Child Hearing Assessment
Depending on the age and development of the child, there are different methods for testing hearing. What will suit an individual child on any given day may vary and methods may be combined or adjusted to maximize the chances that we can get complete, reliable results. A shy child might need a quiet approach while an active child might need a more excited friend. Our pediatric audiologists are flexible! Help us by letting us know in advance of any special needs your child has.
What Happens at a Child Hearing Test?
At all ages, the audiologist will want to look in your child’s ears and test their middle ear function. These tests require the child to sit quietly for a measurement while a foam or rubber tip (like an earbud) is in their ear.
Visual Reinforcement Audiometry
From the time a child can sit up and look around until they are approaching 2 years of age, children are tested with Visual Reinforcement Audiometry. The child will be sitting in a sound booth on a parent’s lap. Sounds are presented through earphones (foam inserts) or speakers and the child is rewarded when they look towards the sound with lighted and/or animated toys/images. The test requires some cooperation from the child. The parent’s job is to hold the child and to keep them from removing earphones.
Conditioned Play Audiometry
Between the ages of 2 and 3 years, children start to get bored of Visual Reinforcement Audiometry and we move on to Conditioned Play Audiometry. During play audiometry, the child wears earphones (foam inserts). When a sound is presented, the child is instructed to do something with a toy (i.e. throw it in a bucket, add a block to the castle). The test requires cooperation from the child to play the “game”. The parent may also be involved as the audiologist’s assistant, passing the child toys.
Once a child is old enough to keep headphones or earphones on and respond reliably to sounds (typically 4 years and above), they can be tested with conventional audiometry. During this testing, “beeps” are played in the child’s ears at different volumes and pitches. The child is asked to respond in some way when they hear the sound (i.e. raise their hand, say “yes”). Testing for toddlers and young children may also ask them to repeat softly spoken words while listening through headphones or point to body parts (i.e. eyes, nose, ears) when asked. This requires them to sit calmly and listen to the examiner through the headphones or inserts.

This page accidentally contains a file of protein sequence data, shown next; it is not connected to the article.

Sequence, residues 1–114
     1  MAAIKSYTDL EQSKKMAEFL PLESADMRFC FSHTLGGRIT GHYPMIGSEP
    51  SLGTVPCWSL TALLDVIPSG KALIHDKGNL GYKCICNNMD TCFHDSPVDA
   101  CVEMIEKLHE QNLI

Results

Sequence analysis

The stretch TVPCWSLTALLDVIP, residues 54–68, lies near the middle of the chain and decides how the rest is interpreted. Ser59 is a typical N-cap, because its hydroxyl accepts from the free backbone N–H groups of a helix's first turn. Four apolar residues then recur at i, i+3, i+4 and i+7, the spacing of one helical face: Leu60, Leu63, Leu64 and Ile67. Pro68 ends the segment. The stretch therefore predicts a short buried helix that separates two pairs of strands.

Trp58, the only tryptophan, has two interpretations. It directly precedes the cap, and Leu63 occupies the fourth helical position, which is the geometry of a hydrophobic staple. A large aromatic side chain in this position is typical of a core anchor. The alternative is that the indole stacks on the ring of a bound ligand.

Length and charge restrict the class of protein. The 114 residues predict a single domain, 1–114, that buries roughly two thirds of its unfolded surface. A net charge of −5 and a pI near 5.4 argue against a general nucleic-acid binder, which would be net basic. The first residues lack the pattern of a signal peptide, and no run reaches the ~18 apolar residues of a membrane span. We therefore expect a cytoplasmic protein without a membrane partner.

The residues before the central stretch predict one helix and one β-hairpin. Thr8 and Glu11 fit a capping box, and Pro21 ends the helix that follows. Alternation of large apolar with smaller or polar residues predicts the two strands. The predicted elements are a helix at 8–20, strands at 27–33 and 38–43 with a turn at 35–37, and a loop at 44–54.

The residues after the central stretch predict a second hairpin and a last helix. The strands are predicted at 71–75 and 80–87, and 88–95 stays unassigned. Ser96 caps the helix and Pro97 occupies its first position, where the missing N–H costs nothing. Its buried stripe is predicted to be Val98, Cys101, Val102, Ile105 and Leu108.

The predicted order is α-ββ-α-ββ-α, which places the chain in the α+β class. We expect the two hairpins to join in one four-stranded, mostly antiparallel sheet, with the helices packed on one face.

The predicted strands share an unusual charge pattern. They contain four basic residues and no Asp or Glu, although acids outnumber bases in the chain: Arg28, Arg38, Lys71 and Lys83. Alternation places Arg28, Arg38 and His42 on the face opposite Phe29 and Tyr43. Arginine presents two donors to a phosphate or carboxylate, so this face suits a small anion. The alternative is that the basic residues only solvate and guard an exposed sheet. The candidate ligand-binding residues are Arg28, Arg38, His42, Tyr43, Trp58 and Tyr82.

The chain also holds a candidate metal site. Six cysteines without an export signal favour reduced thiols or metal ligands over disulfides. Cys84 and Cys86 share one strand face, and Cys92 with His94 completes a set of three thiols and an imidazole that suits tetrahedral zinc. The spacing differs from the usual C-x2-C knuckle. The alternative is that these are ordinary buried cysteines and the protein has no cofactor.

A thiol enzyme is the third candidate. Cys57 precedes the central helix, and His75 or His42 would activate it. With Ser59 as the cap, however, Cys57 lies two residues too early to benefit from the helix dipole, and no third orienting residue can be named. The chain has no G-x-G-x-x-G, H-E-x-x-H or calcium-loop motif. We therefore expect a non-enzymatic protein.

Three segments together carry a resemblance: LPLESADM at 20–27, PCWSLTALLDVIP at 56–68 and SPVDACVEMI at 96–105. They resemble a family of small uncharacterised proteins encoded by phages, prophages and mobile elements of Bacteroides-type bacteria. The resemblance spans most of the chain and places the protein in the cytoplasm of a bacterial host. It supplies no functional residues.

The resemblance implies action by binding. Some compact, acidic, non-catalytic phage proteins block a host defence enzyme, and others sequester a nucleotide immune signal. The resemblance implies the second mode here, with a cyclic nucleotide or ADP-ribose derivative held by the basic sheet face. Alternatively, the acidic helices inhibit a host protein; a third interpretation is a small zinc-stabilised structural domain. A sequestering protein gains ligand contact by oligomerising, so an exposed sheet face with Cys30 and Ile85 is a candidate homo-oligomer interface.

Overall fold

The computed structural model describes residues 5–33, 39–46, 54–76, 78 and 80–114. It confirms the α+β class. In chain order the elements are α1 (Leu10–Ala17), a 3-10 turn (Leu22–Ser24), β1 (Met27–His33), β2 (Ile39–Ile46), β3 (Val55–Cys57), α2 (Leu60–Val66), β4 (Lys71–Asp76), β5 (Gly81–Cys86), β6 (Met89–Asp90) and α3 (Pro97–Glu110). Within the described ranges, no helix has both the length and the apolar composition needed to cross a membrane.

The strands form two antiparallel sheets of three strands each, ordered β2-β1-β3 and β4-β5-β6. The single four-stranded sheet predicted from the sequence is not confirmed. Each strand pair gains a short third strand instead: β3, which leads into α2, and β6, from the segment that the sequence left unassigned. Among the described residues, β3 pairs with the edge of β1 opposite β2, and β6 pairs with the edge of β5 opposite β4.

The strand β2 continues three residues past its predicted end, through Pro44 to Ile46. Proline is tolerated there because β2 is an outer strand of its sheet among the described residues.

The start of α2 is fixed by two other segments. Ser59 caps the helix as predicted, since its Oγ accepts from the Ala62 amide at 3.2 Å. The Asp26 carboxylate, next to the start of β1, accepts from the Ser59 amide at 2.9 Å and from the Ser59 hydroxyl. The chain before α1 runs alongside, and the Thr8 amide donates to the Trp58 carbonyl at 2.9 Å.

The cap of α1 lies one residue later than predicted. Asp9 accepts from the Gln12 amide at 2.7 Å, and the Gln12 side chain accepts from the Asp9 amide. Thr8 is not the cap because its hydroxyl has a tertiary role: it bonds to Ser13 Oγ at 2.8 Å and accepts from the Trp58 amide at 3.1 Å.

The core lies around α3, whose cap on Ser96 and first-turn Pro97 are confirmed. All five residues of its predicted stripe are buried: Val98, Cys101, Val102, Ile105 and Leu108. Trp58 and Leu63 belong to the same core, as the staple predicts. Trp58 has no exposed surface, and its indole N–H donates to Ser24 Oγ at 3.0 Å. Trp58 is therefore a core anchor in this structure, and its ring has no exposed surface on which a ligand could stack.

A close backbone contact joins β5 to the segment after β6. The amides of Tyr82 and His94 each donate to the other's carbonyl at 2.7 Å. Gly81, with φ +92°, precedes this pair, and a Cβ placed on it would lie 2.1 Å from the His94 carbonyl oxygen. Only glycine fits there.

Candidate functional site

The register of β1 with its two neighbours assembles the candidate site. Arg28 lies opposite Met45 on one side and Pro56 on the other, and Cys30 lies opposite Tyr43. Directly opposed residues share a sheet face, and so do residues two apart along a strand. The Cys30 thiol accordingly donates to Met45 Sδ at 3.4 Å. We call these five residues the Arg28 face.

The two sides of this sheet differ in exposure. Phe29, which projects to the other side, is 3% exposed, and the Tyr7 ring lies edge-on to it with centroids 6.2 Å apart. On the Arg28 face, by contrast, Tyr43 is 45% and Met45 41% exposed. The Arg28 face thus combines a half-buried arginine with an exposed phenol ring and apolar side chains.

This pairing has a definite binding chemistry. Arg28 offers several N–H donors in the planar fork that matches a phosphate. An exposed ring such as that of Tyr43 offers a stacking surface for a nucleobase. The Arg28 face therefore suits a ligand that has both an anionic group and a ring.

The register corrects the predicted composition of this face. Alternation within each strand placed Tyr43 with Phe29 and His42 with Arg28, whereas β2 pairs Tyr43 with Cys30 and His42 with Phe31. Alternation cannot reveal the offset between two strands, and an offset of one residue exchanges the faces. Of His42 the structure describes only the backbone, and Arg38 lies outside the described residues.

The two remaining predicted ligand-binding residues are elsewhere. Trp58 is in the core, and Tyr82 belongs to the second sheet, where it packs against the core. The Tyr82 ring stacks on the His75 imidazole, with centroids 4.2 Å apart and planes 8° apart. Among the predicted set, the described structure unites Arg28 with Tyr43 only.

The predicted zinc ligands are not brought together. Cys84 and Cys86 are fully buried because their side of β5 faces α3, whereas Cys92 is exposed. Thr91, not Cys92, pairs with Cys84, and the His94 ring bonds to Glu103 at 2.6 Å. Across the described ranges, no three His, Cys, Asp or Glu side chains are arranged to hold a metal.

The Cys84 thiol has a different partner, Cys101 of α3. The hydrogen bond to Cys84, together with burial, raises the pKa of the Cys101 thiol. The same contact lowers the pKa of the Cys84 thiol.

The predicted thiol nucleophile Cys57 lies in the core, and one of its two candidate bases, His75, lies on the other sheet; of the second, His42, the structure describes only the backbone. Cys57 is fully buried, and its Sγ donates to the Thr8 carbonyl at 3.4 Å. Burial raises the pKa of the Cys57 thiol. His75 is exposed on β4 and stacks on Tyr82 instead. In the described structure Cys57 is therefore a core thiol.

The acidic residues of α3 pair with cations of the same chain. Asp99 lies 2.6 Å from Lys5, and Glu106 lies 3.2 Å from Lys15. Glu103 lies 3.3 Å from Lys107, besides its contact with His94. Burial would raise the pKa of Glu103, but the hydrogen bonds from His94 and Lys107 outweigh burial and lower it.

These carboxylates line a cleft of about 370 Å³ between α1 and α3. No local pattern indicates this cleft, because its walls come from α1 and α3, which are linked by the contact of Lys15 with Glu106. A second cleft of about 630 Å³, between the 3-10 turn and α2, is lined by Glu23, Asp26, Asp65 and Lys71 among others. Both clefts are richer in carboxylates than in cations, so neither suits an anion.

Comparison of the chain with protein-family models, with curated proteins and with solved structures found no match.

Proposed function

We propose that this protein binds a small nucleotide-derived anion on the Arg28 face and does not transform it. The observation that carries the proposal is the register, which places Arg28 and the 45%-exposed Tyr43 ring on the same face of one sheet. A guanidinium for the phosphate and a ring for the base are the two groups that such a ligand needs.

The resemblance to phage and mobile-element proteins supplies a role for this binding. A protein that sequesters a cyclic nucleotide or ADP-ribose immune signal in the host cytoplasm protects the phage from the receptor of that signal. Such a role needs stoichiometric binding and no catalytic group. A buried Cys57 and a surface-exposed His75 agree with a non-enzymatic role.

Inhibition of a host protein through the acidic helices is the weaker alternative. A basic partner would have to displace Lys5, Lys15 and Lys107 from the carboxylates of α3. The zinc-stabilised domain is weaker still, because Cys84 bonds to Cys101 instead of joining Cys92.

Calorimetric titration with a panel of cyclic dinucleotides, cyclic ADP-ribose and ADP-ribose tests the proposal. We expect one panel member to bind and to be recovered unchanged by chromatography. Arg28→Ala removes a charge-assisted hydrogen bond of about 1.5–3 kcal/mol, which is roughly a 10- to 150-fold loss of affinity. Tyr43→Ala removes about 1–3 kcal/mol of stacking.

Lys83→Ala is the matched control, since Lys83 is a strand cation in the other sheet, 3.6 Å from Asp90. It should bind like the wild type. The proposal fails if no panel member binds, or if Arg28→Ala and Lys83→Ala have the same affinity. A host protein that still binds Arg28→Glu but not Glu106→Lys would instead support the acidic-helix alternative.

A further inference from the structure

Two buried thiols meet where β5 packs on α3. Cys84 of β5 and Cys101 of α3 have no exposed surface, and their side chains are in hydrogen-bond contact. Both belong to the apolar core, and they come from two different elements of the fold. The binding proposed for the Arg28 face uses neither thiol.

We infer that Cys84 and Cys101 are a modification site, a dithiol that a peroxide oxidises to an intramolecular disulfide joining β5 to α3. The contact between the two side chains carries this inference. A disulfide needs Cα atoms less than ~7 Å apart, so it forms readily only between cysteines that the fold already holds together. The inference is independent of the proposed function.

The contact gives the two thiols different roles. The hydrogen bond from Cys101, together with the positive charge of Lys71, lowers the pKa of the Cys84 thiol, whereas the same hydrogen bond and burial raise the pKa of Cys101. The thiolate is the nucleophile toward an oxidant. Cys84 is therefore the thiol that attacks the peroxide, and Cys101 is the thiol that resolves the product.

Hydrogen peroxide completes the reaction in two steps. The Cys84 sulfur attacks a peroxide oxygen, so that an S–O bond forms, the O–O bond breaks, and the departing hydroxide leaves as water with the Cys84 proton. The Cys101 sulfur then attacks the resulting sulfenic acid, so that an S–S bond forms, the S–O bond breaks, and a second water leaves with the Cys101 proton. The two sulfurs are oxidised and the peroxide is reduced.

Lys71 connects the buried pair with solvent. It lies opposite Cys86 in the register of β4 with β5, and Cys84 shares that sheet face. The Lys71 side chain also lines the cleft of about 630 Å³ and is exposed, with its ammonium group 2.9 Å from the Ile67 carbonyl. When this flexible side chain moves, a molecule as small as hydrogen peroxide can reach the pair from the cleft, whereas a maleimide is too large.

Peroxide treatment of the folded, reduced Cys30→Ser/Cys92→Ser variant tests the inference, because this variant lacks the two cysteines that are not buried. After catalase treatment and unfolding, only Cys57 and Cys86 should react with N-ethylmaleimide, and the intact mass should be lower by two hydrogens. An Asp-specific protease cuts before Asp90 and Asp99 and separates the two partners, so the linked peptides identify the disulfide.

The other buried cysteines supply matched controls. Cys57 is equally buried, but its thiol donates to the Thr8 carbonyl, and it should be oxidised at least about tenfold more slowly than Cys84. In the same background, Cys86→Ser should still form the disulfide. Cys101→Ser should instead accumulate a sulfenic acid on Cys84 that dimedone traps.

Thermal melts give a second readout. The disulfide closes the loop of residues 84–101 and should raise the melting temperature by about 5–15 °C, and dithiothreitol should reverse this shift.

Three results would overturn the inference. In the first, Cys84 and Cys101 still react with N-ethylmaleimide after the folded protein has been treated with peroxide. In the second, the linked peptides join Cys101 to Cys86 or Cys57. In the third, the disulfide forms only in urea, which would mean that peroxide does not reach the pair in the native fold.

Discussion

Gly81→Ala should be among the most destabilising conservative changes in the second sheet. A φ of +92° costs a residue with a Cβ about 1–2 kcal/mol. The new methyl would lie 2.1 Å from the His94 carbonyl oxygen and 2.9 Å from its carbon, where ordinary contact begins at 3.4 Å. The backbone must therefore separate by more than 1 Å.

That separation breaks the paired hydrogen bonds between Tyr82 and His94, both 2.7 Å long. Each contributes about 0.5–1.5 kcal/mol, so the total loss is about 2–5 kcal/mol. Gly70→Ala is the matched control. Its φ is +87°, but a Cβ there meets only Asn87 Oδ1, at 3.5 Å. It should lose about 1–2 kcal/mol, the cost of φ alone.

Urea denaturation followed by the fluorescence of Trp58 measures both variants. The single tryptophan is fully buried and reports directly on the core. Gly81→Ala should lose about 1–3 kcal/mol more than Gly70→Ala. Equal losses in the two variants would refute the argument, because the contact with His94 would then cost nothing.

Auditory Brainstem Response
Auditory Brainstem Response (ABR) threshold testing is used for assessing hearing sensitivity in infants aged 0-6 months. This test is performed while the infant is asleep and involves playing soft sounds through earbuds and recording the electrical activity of the auditory nerve and brainstem from electrodes placed on the baby’s scalp. ABR is usually completed through the infant hearing program on babies that fail their infant screening, but private testing is also available. ABR assessment may also be an option for older individuals who cannot respond consistently to other methods of assessment.
How to Prepare For Your Child’s Hearing Test
Preparing your child for what to expect can help to make the experience more pleasant for everyone. If the child is prepared, the examiner will likely be able to get more reliable results in a shorter time and avoid having to bring your child back for repeat testing.
Book Your Hearing Health Check Appointment
Book your appointment online, by calling 1-833-669-4425 for more appointment options and availability or by texting 226-220-7982